This project will integrate fire prediction and land cover effect models with ecosystem service models into a novel decision support tool capable of assessing the broader benefits and trade-offs of various fire management strategies. The GA will: (1) develop ecosystem service models capable of assessing impact of fire and fire management measures in Hawaii; (2) couple ecosystem services models with fire prediction and land cover change models in a decision support tool capable of assessing the benefits of alternative fire management strategies, and (3) apply techniques derived from decision science to evaluate management alternatives. Initial duties include (but are not limited to) conducting literature reviews; identifying, collecting, organizing, quality controlling, processing, and properly managing secondary environmental, social, and economic data; developing, calibrating, and validating environmental models; analyzing data using appropriate statistical and other analytical techniques; building relationships with potential model users; writing manuscripts for publication; and producing reports and outreach materials. The GA is expected to perform other additional tasks as assigned. Duties also include collaborating and working with other researchers in an interdisciplinary environment.

Minimum Qualifications:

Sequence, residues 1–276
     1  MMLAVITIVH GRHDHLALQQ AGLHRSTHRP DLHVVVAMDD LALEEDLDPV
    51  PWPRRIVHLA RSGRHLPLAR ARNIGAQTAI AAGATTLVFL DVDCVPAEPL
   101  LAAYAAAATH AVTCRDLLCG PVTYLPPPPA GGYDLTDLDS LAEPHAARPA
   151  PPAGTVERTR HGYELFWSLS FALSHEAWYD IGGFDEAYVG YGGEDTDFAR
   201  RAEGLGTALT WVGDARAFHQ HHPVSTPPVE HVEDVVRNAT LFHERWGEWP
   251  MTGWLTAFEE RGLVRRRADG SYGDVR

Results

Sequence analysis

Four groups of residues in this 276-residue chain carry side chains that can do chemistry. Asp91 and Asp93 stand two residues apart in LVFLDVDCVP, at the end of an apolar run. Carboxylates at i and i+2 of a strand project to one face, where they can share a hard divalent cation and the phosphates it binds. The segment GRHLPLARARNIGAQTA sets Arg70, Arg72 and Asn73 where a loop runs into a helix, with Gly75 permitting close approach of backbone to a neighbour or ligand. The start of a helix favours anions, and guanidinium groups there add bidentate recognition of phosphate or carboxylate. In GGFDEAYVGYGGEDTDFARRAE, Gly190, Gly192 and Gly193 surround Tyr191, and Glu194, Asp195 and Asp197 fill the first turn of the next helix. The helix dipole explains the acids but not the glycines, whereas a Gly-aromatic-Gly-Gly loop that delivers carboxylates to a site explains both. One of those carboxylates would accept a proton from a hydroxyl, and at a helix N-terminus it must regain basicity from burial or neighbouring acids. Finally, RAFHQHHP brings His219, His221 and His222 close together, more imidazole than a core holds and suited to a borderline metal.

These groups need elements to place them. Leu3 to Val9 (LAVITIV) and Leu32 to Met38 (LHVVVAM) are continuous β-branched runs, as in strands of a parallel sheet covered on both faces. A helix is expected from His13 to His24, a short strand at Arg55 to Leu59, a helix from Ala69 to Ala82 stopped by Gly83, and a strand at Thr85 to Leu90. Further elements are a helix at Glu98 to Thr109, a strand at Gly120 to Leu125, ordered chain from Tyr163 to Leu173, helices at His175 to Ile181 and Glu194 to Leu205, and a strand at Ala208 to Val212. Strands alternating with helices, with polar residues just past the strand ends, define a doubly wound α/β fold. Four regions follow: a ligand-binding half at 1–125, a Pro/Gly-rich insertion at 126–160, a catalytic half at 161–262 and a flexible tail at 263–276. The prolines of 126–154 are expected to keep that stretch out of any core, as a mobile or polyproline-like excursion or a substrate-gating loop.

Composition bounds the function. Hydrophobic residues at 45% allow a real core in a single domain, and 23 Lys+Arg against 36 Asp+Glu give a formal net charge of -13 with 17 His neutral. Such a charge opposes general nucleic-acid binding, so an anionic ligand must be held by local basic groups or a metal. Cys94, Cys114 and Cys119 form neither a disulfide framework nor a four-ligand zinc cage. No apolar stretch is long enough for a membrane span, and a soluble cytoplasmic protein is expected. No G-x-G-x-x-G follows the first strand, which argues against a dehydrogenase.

Admission to, or ongoing, graduate student at UH Manoa in NREM or directly related field of study

BS in environmental science, geography, and/or related fields

Excellent knowledge of GIS and experience with geospatial analysis

Experience managing geospatial data

Strong interest in ecosystem services modeling and fire modeling

Demonstrated team player, with ability to work independently

Organized, with excellent communication skills

Desirable Qualifications:

MS in environmental science, geography, and/or related fields

Good performance in environmental courses

Experience working with the Federal and state governments, NGOs, and communities in Hawai'i

To Apply:       

Submit cover letter and CV to Dr. Kirsten Oleson (koleson@hawaii.edu)


Fellowship available to get MEM in NREM!

Full fellowship for Masters in Environmental Management Degree. Requirement: good grades, local (as demonstrated by Hawaii-based HS diploma)

Due March 1

The overall goal of the Hau‘oli Mau Loa graduate assistantships is to develop the next generation of natural resource management leaders in Hawai‘i.

Hauoli Mau Loa_NREM MS B Graduate Assistantship Announcement_2017


New study in PloS One shows the importance of reef fisheries

Article full text here: http://journals.plos.org/plosone/article?id=10.1371/journal.pone.0123856

Kīholo Bay, North Kona, Hawai'i, August 5, 2015  – A study published today showed that a single artisanal coral reef fishery can produce over 30,000 meals per year, with an annual economic value of more than $78,000. The study, published in PLOS ONE, was conducted in the Hawaiian bay of Kiholo by Conservation International, the Hui Aloha Kīholo — a community-based stewardship group — the National Geographic Society, The Nature Conservancy and the University of Hawai'i at Mānoa.